On the back end, it’s Kevin Shattenkirk that will garner the most attention. He’s signed through next season before he can become an unrestricted free agent. Just 27 years old, and considering the demand for what he does, he’ll be very expensive to keep. And with the emergence of Colton Parayko, trading Shattenkirk could probably be justified, especially if the return is good. A team like the Boston Bruins might be willing to pay up.

Right now, the pain is still fresh for the Blues.

“It’s so hard to win in the league right now,” said Hitchcock. “It’s so hard to win a series. So hard to just get in the playoffs. When you get this far, you get this close, you think you got the opportunity.”

The challenge for Armstrong will be to give his team another opportunity next season. And with the draft less than a month away, all these tough decisions will need to be made very soon.

Goals of the Week get tougher as Cup Final approaches

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The Stanley Cup Final is almost upon us and picking the very best Goals of the Week is a tough task. See how we did on this edition!

Just for Men: Mike Commodore

RALEIGH, NC - JUNE 14:  Mike Commodore #22 of the Carolina Hurricanes warms up before game five of the 2006 NHL Stanley Cup Finals against the Edmonton Oilers on June 14, 2006 at the RBC Center in Raleigh, North Carolina.  (Photo by Elsa/Getty Images)
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Maybe one would argue that time hasn’t been kind to the 2006 Stanley Cup-winning Carolina Hurricanes (at least compared to the pedigree of other winners), but Mike Commodore’s incredible red afro and beard rank as one of hockey’s most timeless combinations.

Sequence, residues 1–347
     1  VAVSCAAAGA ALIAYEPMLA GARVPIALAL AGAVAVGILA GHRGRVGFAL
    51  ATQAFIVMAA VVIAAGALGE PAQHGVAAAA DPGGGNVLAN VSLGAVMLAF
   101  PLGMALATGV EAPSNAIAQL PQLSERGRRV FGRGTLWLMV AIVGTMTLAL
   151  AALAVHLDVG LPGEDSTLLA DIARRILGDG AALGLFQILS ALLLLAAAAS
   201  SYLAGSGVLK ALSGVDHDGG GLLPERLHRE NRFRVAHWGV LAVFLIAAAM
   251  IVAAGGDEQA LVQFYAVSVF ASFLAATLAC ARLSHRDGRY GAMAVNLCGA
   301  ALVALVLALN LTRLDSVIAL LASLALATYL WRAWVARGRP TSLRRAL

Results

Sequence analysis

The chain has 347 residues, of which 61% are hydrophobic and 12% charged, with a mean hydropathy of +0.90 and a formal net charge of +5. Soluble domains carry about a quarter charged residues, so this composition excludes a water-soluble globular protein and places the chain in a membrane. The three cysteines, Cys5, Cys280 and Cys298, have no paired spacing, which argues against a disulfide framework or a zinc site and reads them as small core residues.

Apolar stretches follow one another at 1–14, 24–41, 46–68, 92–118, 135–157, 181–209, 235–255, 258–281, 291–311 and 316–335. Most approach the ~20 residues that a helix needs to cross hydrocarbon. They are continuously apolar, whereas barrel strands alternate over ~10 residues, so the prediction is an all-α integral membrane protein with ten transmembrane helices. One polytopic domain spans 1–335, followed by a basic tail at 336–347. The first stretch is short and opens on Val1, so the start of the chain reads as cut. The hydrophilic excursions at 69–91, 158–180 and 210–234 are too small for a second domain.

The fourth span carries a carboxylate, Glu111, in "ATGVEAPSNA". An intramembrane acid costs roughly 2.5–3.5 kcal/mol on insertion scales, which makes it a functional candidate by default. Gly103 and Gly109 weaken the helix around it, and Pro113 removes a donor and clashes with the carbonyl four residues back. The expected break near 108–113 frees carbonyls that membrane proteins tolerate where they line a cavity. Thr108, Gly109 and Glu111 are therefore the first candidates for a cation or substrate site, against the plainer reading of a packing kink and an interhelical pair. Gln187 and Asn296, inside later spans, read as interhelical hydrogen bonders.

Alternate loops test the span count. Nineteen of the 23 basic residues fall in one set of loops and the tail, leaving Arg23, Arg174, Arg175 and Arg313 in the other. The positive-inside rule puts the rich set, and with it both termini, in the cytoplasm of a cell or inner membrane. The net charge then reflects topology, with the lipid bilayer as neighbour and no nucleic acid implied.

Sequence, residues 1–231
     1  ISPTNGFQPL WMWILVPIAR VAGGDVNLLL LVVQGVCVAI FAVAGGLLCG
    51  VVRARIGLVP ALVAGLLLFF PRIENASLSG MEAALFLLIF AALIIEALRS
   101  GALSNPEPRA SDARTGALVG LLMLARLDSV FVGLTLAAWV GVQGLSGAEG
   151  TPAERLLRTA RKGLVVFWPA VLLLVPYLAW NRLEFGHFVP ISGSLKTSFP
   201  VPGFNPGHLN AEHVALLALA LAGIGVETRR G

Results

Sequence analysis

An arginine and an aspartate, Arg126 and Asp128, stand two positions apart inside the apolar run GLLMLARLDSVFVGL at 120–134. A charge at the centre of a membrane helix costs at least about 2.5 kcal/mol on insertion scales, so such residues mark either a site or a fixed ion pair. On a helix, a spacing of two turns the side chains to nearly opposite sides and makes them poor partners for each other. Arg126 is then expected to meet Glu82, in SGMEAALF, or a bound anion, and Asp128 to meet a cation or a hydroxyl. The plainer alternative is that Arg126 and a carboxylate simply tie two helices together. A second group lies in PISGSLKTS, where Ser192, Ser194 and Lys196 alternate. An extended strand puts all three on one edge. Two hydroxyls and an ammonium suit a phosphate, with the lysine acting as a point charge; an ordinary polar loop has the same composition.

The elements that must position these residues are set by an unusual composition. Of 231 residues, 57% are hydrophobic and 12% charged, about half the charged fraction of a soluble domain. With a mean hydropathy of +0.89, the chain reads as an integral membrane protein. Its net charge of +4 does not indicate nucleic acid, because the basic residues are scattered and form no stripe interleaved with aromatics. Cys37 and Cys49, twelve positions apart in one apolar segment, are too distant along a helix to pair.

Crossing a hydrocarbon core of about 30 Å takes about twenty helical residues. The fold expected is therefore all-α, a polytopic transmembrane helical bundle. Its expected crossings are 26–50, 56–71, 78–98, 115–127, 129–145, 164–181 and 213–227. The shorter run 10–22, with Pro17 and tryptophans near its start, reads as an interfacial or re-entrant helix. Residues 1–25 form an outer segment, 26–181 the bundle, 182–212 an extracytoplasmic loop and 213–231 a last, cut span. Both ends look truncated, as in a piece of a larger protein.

Seriously, just take a step back from your monitor* and bask in the splendor of that carrot-topped Commodore.

Even then-President George W. Bush remarked on Commodore’s bushy hair and beard (or its tragic absence) when the Canes visited the White House:

THE PRESIDENT: Thank you all for coming. Have a seat. It’s a pretty big deal for a guy that doesn’t know how to ice skate — (laughter) — to welcome the Carolina Hurricanes to the White House. We appreciate you coming. You know, I’m not sure what is prettier, the Stanley Cup, or Mike Commodore’s hair. (Laughter.) A little disappointed you got a haircut. (Laughter.) But, welcome.

Good stuff.

And it really is kind of disappointing any time you see Commodore relatively clean-shaven. It’s like Superman without a big “S” on his chest or Metallica with short hair or any number of not-quite-right sights.

* – If you’re doing the Rumsfeld-style “standing at your desk” thing then … kneel for a second maybe?

Here’s your Stanley Cup playoffs schedule for tonight

Stanley Cup
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There’s nothing better than a Game 7, especially when a spot in the Stanley Cup Final is up for grabs. The Tampa Bay Lightning and Pittsburgh Penguins will battle in a do-or-die game for the right to play the San Jose Sharks with Lord Stanley on the line. You can watch the game via the NBC Sports Group’s television and digital platforms.

Tampa Bay at Pittsburgh (8:00 p.m. ET)

The television broadcast of Game 7 will be on NBCSN. To stream the game using the Live Extra app, click here.

Here’s some reading material to get you ready for this one:

Penguins, Lightning prepare for ‘roller coaster’ Game 7

Penguins force Game 7 after holding off Lightning rally

Lightning lament Game 6 effort, Cooper doesn’t blame disallowed goal